“To tell you how it’s going to affect the Nation, well I can’t because I don’t know what’s going to happen.” — Muscogee (Creek) Nation Tax Commissioner Jerry McPeak
Legislation adding new fee faces lawsuit
OKMULGEE, Okla. — Muscogee (Creek) Nation Tax Commissioner Jerry McPeak discussed Oklahoma state legislation adding a tobacco fee and what it would mean for the Nation.
The bill passed with a vote of 51-43 and would add a $1.50 cigarette fee per pack in order to raise state revenues.
Shortly after the bill passed, several large tobacco companies along with individuals filed a lawsuit.
Standard Distributing Company, Hutchinson Oil Company, Philip Morris USA Inc., R.J. Reynolds Tobacco Co., Rogers Oil Co., Stephenson Wholesale Co., Corey L. Cooper, Brian Hutchinson and James P. Naifeh filed a lawsuit June 7.
According to the lawsuit, SB 845 violated fundamental requirements of Oklahoma’s Constitution Article V sub-section 33: (1) the bill originated in the Senate, not the House of Representatives; (2) the bill passed during the five last days of the session; and (3) the bill did not obtain a three-fourths majority in each chamber.
The fee will go into effect Aug. 25.
According to KFOR Channel 4 in Oklahoma City, the tobacco fee is expected to bring approximately $215 million to help fill the state’s $900 million budget shortfall.
“People seem to be led to believe that this shortfall just happened this year. It’s like going broke. You’re probably not going broke from one decision. You probably went broke because you made bad decisions for a long time,” McPeak said.
McPeak is a former Oklahoma state representative.
He said years ago the state stopped utilizing a balanced budget.
“We would borrow money from the rainy day fund, which if you’re borrowing money out of your savings account I would say your budget’s not balanced,” McPeak said.
He estimated that there has not been a balanced budget for approximately 10 years.
McPeak said no one knows how the lawsuit will turn out.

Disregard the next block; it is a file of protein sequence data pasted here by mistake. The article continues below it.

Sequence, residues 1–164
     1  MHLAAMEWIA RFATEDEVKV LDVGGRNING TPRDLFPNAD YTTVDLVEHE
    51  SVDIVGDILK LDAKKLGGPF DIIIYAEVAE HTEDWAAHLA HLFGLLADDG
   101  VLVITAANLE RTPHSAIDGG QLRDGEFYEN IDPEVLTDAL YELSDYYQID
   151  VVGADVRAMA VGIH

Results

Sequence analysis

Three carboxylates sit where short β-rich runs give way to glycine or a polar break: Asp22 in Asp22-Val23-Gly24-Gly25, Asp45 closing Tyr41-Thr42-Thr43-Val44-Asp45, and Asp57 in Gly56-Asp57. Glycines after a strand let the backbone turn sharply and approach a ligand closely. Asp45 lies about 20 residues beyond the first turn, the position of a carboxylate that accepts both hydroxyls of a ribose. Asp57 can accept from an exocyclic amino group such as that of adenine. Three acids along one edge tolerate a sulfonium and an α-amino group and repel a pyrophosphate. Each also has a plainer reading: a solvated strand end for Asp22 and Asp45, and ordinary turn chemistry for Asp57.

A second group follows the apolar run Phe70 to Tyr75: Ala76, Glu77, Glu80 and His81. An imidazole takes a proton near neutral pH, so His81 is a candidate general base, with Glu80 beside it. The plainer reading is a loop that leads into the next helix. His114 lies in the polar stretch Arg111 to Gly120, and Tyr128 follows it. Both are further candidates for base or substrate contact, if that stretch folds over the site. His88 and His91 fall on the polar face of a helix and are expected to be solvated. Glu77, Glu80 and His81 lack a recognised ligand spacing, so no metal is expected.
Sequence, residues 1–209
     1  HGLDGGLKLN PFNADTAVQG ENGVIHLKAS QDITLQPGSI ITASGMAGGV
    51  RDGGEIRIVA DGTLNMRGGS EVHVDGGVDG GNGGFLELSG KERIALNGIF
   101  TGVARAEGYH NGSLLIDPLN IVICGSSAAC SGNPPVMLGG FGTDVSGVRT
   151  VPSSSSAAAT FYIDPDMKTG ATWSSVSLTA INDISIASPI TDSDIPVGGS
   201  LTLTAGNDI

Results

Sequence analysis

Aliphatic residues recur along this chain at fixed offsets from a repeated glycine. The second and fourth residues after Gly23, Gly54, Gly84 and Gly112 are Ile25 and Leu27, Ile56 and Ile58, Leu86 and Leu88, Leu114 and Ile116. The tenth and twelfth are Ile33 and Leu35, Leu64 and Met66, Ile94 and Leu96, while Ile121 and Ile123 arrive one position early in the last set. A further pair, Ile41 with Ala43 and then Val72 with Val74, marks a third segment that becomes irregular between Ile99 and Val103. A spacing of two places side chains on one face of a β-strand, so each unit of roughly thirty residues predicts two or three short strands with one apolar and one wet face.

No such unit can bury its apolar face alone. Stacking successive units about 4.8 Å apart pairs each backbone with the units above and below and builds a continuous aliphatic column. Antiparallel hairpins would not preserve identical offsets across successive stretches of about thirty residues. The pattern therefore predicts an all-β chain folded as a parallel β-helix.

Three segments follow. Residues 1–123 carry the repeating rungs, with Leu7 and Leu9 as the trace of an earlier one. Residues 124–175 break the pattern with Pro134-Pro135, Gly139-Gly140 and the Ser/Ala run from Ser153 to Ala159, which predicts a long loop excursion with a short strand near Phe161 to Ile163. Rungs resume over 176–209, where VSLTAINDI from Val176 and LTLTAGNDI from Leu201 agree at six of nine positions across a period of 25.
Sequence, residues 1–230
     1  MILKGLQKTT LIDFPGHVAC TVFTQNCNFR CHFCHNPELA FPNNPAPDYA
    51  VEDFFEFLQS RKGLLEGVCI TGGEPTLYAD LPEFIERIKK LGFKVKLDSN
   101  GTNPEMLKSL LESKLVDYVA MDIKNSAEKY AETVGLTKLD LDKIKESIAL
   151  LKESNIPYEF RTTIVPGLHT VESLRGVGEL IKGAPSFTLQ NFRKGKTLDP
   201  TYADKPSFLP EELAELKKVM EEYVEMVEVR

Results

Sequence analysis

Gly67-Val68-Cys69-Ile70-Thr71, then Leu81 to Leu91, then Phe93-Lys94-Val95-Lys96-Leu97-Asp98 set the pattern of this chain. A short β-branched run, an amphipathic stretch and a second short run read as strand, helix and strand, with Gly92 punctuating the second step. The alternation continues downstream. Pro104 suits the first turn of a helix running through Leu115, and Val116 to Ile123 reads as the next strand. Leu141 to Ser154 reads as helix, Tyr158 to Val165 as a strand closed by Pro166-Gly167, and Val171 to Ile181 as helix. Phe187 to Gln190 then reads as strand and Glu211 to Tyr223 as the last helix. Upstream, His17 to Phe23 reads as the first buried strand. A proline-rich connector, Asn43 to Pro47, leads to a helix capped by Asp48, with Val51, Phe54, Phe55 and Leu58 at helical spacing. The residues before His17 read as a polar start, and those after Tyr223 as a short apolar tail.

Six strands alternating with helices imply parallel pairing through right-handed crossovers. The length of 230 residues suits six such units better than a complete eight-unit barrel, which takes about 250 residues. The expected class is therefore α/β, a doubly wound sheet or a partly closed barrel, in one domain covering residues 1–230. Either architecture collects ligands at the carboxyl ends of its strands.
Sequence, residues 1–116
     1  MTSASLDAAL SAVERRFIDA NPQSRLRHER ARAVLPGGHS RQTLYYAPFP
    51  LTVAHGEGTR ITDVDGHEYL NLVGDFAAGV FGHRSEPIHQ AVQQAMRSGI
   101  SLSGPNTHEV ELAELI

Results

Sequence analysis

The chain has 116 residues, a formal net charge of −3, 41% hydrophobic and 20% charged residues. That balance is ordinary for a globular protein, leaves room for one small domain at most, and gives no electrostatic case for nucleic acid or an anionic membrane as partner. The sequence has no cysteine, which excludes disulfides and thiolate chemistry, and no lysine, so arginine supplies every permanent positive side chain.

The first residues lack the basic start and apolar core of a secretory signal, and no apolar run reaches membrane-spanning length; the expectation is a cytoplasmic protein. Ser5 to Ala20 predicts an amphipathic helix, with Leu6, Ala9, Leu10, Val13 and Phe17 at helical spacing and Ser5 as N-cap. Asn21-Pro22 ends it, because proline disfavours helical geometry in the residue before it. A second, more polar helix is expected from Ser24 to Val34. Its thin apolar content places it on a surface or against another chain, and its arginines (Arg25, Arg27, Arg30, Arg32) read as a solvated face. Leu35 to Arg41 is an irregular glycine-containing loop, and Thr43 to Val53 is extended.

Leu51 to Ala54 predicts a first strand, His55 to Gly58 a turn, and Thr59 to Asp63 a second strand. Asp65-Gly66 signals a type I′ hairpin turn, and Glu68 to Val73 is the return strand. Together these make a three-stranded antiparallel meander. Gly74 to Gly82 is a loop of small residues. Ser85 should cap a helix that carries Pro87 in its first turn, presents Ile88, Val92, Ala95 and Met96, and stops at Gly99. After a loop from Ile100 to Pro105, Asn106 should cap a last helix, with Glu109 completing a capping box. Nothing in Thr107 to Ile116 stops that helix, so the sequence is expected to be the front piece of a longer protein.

“But we work very hard and we predicted a year ago that they were going to attempt to do it and it wasn’t going to happen, they were going to make it a fee,” he said.
McPeak said they started visiting with people in the Oklahoma House of Representatives and the Senate.
“If you’re going to do a fee, you write it up correctly. And they did,” he said.
McPeak said the legislative branch wrote it in a way that would not negatively impact the Nation’s tobacco compact.
“Well obviously, we don’t know how it’s going to affect the Nation because we don’t know what’s going to happen and anyone that states they know what’s going to happen is very misinformed,” he said.
McPeak said until the lawsuit is settled, no one knows if the bill will go into effect or not.
“To tell you how it’s going to affect the Nation, well I can’t because I don’t know what’s going to happen,” he said.
McPeak said the state tax commissioner has to make preparations as if the bill will take effect Aug. 25.
“Which is going to cost him lots of dollars and man power, and if it doesn’t take affect then they’ve wasted all of that money,” he said. “So it’s going to affect them and going to make them spend money that we don’t need to be spending. The fact that we are having to defend another lawsuit for unconstitutionality, which happens multiple times,” he said.
McPeak said the only group that received a budget increase was the Oklahoma Attorney General’s office.
“You think it might be because they’re anticipating lawsuits by unconstitutionality of this law and several others, maybe,” he said.
McPeak said if the bill goes into effect Aug. 25, then it might change the way some tobacco retailers do business with the Nation in regards to buying what they have to offer.